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Study Highlights Role of Birth Defects in Cerebral Palsy Cases

disabled childA new study published in the September 3, 2015 installment of the New England Journal of Medicine suggests that new cases of cerebral palsy are more often than not attributable to multiple prenatal considerations and afflictions as opposed to other potential causes many often suspect to be responsible.

The authors of the study undertook to assess the underlying causes of cerebral palsy in single-birth babies born at or later than 35 weeks of gestation, the category of patients accounting for nearly 65% of all newborns diagnosed with the condition.

Study questions root causes of cerebral palsy

According to these new findings made by team of researchers from the National Institutes of Health and the Children’s National Medical Center in Washington, D.C., upwards of 80 percent of all cerebral palsy diagnoses could be traced back to significant prenatal factors, with less than 10 percent of such cases directly attributable to asphyxia during labor and delivery.

The authors argue that birth defects play a much larger role in cerebral palsy than birth injuries or other similar considerations.

Key prenatal factors pinpointed

Specifically contributing to cerebral palsy in young children, according to the study, are several birth defects and other prenatal conditions including low gestational age at birth, thrombotic states, genetic factors, placental conditions and malformations and marked fetal growth restriction. The authors urge the initiation of more comprehensive clinical investigations and research into genomics, genetics, developmental neuroscience and teratology as a means to advance the medical community’s understanding of cerebral palsy and how to address it.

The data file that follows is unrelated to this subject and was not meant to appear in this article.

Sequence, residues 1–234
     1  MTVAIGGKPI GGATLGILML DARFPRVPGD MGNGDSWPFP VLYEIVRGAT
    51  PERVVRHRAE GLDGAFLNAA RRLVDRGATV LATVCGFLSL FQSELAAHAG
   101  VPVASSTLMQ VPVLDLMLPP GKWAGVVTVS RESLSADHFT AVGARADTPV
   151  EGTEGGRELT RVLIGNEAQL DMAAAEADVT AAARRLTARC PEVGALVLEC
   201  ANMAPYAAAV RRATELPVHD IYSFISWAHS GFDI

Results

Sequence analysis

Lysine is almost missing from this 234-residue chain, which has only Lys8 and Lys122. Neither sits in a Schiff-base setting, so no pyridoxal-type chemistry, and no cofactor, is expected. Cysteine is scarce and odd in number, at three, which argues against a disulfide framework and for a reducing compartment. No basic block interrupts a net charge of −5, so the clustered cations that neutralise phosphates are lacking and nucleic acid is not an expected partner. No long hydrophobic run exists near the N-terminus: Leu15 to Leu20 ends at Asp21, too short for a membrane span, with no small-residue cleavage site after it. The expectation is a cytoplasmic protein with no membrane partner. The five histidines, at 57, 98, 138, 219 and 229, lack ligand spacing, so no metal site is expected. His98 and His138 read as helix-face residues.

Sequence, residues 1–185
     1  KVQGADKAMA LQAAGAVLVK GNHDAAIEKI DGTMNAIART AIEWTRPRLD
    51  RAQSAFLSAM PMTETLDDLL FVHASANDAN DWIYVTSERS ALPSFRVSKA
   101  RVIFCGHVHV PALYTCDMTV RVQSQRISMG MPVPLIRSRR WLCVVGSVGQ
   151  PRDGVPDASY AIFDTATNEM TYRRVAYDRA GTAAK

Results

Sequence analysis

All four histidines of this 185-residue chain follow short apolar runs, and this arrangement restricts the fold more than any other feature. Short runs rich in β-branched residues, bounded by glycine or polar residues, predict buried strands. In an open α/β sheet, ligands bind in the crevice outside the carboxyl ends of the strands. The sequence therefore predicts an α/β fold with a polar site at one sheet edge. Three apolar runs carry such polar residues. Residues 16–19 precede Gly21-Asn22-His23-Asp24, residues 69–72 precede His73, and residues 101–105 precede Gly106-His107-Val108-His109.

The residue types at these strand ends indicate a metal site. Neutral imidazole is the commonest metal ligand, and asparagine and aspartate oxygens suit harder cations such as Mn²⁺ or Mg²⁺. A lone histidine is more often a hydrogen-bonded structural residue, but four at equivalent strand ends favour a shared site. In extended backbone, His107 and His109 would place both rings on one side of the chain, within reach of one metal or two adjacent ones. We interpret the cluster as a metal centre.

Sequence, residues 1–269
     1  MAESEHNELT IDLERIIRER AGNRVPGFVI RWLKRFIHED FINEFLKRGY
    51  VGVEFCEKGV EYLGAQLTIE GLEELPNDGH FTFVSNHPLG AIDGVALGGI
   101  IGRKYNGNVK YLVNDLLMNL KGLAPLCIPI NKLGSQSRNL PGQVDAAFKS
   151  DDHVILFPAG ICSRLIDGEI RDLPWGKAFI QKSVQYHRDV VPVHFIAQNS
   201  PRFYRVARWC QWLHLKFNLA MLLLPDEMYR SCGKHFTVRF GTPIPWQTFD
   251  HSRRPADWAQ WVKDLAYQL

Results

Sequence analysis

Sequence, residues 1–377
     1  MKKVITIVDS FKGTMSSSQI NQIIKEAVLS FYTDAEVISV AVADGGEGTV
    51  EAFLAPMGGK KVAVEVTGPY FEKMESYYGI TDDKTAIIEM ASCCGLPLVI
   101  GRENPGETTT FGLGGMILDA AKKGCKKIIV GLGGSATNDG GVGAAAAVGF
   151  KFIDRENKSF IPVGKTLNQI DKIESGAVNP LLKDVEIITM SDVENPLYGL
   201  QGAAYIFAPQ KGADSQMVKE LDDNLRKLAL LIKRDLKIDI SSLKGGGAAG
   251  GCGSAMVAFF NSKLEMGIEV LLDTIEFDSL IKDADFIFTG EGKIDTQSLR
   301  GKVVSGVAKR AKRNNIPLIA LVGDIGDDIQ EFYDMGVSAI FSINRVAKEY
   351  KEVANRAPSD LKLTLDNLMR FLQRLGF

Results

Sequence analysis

Role of birth injuries in cerebral palsy diagnoses

Though recent research may contend that the lion’s share of cerebral palsy cases stem from birth defects and other prenatal factors, that is not to say that alarming numbers of infants each year suffer substantial, often avoidable harm as a result of labor and delivery negligence leading to developmental concerns of this type.

Incidents of negligence that result in birth trauma may include:

  • Failure to identify deteriorations in fetal condition

  • Failure to conduct appropriate fetal monitoring

  • Improper administration of induction drugs such as Pitocin

  • Poor handling of shoulder dystocia

  • Delayed identification of cord entanglement, placental abruption or infections

  • Failure to timely order Caesarian delivery, when needed

The importance of this recent research regarding common causes of cerebral palsy in young children must not be overlooked, as it may ultimately aid in the early identification and perhaps even prevention of the condition in a large number of patients.

However, it is unwise to disregard the fact that each and every year, thousands of babies and their families are confronted with the devastating diagnosis of cerebral palsy due to physician negligence and fetal injury during labor and delivery. Understanding the true cause of all developmental delays of this nature will help improve standards of physician care, but also assist in the pursuit of justice by families harmed by doctors and other healthcare professionals who fail to meet the accepted standards of care.

  1. Doctors Lounge, Birth Asphyxia Tied to Fewer Than 10% of Cerebral Palsy Cases,

  2. Medpage Today, Greatest Risks for Cerebral Palsy Occur Prior to Birth,

  3. Mayo Clinic, Cerebral Palsy,

  4. National Institute of Neurological Disorders and Stroke, NINDS Cerebral Palsy Information Page,